Updated: Nov 18, 2020
Favorite Track: N/A Least Favorite Track: "Nasty"
NAV’s mind-numbingly nondescript, soulless, and effortless sound has been consistent thus far into his career, creating a uniquely unoriginal niche for himself where his lack of creativity and innovation is thankfully rivaled by none. His beat choices are incalculably stereotypical, his lyricism is the among most creatively vacant of the 21st century, and yet I still managed to come away from his most recent effort, Emergency Tsunami, absolutely shocked that music this lifeless unironically existed. Instead of doing anything to interest me, this album just left me perplexed as to how someone like NAV maintains a career, how he is lauded by trap fans day in and day out, and how he manages to pull in over nine million listeners a month on Spotify.
Emergency Tsunami, in terms of both beat arrangement and vocal performance, is about as featureless as it gets. The beats provided by Wheezy throughout the project are consistently dull and repetitious, besides the track “Friends and Family”. The production is heavily overloaded with the exact same drum kit that your average “type-beat” producer would utilize daily on their Youtube channel, thumping 808 patterns that are more predictable than the progression of a clock, and the occasional string or piano pattern that feels more rehashed than a I-IV-V 12-bar blues progression. Eventually, the album begins to feel so nondescript that criticizing specific tracks becomes a daunting task, as any criticism you could lob against one track you could just as easily plaster onto the other thirteen.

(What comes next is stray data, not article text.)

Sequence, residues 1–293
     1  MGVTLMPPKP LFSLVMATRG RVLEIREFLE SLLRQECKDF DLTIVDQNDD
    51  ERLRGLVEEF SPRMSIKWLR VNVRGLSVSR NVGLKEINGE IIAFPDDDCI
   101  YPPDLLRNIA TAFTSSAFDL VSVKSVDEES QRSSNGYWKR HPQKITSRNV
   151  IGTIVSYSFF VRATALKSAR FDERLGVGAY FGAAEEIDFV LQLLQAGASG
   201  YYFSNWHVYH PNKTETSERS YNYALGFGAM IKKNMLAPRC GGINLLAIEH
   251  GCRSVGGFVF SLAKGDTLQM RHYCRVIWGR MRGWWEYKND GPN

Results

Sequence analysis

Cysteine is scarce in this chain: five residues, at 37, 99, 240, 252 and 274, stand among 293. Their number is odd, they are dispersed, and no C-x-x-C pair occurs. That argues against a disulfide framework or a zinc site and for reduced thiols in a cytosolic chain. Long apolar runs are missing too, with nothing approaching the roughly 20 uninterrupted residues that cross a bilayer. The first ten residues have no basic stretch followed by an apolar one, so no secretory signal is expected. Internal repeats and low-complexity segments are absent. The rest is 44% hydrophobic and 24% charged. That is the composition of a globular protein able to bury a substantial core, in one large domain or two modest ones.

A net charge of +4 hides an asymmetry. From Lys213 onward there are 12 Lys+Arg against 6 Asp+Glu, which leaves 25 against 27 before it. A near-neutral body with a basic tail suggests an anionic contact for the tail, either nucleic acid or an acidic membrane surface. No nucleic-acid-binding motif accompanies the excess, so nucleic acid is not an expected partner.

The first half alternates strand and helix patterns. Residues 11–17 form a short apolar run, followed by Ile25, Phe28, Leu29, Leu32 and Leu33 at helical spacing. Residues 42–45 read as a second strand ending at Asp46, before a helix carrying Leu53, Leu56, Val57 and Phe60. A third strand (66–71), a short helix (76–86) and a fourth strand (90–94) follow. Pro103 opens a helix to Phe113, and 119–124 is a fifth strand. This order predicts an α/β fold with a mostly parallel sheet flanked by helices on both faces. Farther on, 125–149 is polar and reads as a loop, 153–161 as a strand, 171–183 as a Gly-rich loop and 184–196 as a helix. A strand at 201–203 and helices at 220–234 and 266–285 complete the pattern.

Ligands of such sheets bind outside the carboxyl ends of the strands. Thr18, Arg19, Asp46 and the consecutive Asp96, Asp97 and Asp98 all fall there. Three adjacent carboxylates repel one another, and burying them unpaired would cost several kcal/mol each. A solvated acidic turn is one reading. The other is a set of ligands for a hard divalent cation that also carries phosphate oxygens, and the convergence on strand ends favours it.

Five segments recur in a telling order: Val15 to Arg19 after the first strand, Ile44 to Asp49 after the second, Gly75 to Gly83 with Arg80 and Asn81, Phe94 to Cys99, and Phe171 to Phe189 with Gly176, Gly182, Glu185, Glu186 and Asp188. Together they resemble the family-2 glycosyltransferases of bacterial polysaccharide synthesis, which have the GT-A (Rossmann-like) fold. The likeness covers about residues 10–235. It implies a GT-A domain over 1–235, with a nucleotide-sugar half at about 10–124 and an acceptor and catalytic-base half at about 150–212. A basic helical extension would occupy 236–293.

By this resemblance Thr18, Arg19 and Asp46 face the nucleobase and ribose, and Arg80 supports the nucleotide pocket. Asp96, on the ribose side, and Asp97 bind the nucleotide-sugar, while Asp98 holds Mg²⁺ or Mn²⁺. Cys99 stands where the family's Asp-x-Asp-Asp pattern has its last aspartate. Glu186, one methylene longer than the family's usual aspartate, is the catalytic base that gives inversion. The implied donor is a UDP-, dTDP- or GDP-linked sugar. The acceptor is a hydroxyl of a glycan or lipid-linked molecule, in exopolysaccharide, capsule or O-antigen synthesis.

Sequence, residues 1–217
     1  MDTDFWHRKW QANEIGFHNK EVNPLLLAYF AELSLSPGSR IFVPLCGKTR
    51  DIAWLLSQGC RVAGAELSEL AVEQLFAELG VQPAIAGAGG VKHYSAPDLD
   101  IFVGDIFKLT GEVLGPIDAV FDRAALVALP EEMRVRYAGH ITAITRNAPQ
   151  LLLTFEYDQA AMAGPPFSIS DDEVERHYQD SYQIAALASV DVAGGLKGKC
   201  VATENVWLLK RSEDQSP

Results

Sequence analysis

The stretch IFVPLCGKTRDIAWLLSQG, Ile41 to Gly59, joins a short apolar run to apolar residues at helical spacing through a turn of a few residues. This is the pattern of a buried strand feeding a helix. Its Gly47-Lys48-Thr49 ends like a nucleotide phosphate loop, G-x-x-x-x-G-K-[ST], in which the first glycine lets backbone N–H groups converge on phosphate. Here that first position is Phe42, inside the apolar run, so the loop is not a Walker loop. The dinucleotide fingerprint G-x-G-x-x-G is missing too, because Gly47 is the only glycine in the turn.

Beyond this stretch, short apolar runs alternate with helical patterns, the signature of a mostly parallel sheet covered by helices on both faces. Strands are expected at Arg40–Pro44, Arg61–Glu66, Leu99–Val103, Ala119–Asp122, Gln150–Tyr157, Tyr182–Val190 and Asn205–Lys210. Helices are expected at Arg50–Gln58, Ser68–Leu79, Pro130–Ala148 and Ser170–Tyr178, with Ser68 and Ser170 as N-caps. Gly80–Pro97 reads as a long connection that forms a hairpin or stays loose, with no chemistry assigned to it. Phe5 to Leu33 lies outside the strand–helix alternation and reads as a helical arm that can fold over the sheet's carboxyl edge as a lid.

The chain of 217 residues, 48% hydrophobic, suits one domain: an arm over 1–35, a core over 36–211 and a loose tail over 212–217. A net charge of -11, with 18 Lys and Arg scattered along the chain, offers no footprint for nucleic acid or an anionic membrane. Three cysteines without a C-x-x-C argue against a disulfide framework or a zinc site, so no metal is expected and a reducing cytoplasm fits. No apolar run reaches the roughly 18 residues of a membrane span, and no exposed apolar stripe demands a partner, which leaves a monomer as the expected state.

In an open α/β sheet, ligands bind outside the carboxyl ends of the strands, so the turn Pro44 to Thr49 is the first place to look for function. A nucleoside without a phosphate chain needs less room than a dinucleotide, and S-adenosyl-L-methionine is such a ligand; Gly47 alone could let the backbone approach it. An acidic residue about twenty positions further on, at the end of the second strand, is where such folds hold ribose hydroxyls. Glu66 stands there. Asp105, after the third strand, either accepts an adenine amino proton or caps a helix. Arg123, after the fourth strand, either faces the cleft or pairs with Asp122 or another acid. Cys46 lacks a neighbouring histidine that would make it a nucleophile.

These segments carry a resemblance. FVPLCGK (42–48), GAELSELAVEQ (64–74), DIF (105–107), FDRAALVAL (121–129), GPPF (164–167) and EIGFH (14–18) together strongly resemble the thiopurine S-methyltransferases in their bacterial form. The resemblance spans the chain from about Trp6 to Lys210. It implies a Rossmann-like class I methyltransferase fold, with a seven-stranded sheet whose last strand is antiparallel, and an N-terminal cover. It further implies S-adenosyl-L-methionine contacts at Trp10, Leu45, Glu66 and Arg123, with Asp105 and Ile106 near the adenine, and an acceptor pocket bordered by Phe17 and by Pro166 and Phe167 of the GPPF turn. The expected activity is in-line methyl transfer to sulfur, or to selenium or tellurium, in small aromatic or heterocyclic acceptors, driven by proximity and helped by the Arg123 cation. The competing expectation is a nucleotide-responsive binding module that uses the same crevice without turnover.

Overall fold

Despite how agonizing NAV's lack of creativity is, it becomes sort of impressive that an artist can make a piece of work as lifeless and devoid of personality as Emergency Tsunami. It seems more likely than not that some sort of personality would shine through or a fun vocal quirk would make itself clear amidst the slop, but NAV manages to be the most consistently robotic artist possible throughout the project. His lyricism is typical of the trap genre, lines oversexualizing/exploiting women and mindlessly flexing watches, chains, and money running rampant throughout a bog of worn out musical tropes. The autotune placed on his voice overtakes any notable timbre he might have originally had, replacing it with an painfully robotic and lifeless “voice” that ends up sounding like A.I. attempting to replicate trap music trends.
It is genuinely hard to find specific things to be angry at this album for, because it is never aggressively offensive to the ear in the way that someone like blackbear is. Instead, the annoyance and anger comes from the clear lack of effort in the music. I believe that great music comes from the heart and from the genuine passion and care that people put into their music to present it. Sure, great musicianship and decent songwriting is needed, but when you have no life to your music it doesn’t matter how good you are at either of those things. When I hear someone like Kendrick Lamar, the conviction used on a song like “How Much a Dollar Cost” is not only impressive, but indicative of the care and heart put in. Emergency Tsunami is the antithesis of this idea, feeling like nothing other than a cash grab and murdering any resemblance of musical passion it needs to feel compelling in any way, shape, or form. NAV’s passion for music feels one-dimensional, about as substantive as his lyrics and as lifeless as his robotic voice, and the result is an album that is anything and everything but sincere or passionate.